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The supercilious comment about house building being blocked by local opposition and NIMBYish opposition to housing might carry some weight if accompanied by a link to evidence. But there is none. What Council is against more ratepayers? The problem is not opposition – opposition to uglification must surely generally be a good thing – but a hopeless planning system which fails to deliver locally acceptable results. If, as seems to be implied, your solution is more centralisation, more targeting at a distance, then No Sir! You are heading in entirely the wrong direction. Local consensus-building, devolution of power, and root-and-branch reform of the planning system to a properly plan-led system on the continental model, are the way forward.
Quite frankly, you appear to have only addressed one aspect of the problem and over-simplified the housing supply situation to provision of land vs nimbys!
Would suggest that housebuilders are behaving like oil producing countries in the Middle East….it is to their financial benefit to ensure there is a shortage of new housing as this keeps the prices nice and high. Land with planning permission for housing is not being developed and this may or may not be because of worker and skills shortages in the construction industry. There are 1000s of older empty homes in urban areas around the country that could be adapted and renovated to make decent accommodation. There are brownfield sites that are in need of re-development.
On the issue of political opposition to new homes, those cities like York, Cambridge, Reading and Bristol are taking their residents with them on the need for new development and l would suggest that these places are likely to have had more dialogue and involvement in the process rather than less.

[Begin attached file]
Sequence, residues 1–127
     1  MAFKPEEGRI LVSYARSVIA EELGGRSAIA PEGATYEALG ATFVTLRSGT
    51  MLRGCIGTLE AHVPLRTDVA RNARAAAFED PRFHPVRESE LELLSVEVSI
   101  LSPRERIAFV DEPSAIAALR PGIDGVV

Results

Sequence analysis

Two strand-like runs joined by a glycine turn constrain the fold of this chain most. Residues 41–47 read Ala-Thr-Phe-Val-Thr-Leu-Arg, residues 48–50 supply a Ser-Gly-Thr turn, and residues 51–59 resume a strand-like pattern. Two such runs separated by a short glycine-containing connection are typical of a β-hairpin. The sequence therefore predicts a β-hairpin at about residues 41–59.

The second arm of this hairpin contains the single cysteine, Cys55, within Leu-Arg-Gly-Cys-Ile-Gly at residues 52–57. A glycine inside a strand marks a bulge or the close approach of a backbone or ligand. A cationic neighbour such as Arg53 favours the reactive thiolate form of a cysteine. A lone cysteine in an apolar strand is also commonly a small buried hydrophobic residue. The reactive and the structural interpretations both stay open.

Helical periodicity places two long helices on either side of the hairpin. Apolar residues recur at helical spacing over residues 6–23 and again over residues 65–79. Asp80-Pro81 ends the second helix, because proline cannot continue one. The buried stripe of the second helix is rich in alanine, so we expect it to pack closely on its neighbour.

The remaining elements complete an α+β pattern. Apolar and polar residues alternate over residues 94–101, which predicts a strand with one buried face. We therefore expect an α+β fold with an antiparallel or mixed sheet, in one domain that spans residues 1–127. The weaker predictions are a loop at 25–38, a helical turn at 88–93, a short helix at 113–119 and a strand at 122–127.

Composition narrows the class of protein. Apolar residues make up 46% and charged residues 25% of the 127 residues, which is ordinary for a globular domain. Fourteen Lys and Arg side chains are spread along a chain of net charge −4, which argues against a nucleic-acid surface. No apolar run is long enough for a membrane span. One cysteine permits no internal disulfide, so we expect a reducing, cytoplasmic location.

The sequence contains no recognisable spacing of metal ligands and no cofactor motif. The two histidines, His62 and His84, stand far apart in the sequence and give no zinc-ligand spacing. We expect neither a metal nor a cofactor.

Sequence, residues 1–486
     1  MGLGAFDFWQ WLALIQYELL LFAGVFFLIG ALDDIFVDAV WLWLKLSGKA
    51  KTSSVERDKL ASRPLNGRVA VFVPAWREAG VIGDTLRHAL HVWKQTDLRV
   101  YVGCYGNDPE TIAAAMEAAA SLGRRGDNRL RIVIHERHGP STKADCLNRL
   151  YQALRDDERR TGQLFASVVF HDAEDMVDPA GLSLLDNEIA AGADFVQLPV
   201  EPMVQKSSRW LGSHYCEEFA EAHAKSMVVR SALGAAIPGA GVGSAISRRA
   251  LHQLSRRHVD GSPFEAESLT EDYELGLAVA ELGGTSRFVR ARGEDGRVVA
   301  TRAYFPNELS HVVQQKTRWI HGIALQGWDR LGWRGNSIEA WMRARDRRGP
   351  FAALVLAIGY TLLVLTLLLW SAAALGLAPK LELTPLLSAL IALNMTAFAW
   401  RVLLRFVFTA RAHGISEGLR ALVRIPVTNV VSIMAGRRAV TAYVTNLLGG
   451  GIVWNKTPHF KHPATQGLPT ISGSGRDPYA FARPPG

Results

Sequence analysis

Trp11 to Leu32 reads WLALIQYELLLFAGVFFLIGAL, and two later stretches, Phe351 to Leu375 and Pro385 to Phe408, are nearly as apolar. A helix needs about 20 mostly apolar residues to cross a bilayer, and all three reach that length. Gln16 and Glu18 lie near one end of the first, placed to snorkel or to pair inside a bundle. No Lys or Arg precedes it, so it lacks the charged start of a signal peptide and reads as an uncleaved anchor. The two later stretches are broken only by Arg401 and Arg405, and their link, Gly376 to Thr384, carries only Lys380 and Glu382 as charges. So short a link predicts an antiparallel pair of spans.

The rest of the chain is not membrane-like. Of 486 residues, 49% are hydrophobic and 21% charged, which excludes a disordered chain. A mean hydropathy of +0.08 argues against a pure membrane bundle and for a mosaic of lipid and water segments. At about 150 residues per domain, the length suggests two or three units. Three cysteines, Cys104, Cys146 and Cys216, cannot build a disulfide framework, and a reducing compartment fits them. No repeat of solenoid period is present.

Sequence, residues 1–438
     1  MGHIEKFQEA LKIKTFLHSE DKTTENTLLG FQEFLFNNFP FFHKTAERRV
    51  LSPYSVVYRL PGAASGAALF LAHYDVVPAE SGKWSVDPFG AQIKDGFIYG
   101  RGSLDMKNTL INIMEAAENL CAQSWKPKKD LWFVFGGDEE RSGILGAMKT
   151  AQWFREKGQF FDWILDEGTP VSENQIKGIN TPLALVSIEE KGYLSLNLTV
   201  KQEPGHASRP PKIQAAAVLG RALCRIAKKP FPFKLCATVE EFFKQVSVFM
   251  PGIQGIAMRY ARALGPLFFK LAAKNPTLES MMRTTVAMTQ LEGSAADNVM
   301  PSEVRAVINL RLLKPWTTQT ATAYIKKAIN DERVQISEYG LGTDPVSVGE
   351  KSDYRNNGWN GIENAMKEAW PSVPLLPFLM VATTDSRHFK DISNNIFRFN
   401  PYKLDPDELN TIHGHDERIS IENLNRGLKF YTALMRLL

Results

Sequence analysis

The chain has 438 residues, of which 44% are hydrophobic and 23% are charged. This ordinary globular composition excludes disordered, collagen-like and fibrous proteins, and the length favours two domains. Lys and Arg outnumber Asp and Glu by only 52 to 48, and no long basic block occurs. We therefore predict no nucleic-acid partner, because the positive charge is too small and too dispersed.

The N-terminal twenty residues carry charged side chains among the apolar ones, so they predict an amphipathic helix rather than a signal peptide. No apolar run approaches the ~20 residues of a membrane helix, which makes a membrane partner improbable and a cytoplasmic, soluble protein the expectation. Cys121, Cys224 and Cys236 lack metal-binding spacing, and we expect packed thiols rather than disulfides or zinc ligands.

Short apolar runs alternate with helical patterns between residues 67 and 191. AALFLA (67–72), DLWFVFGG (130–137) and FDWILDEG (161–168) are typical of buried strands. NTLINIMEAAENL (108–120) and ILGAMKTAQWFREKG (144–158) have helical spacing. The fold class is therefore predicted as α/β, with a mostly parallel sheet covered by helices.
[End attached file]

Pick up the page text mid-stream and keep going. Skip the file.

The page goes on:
Whether the government bites the bullet on this or not, there is and will likely always be a need for an effective level of public subsidy in affordable and social housing.
The level of new housing bought for investment purposes by finance organisations and foreign investors and not used to house anybody needs to be investigated, especially in London, because this activity may be artificially overheating the local housing market and exacerbating housing need.
The provision of new housing is only one aspect of accommodating an increasing population. There are all the other services and infrastructure that must be provided and developed in tandem. Once upon a time there were regional plans that addressed all this and tied required development to existing and required resources. Now we have a NPPF and these issues will again be addressed…we live in interesting times.
It’s no good bleating about building more homes without some reference to who actually needs them. Analysis I have carried out of recent household projections shows that around 90% of newly forming households in England over the next 20 years are currently under 25. Even with Help to Buy and bank of Mum and Dad not many of these will be able afford to buy – builders for sale target existing home owners (clue: they have the money). If more new building actually started to reduce prices, you can be sure the builders will stop building. In the meantime we are busy selling off non-market stock, leaving private renting as the remaining choice. Great!
Poor, one sided analysis of the data picture. Typically the developers only build out slowly, – what they can sell immediately – , to keep prices up. The only way to break through this logjam will be by land reform, like a land value tax, capture of more of the increase in value of land due to grant of planning permssion, and a major programme of public sector affordable house building.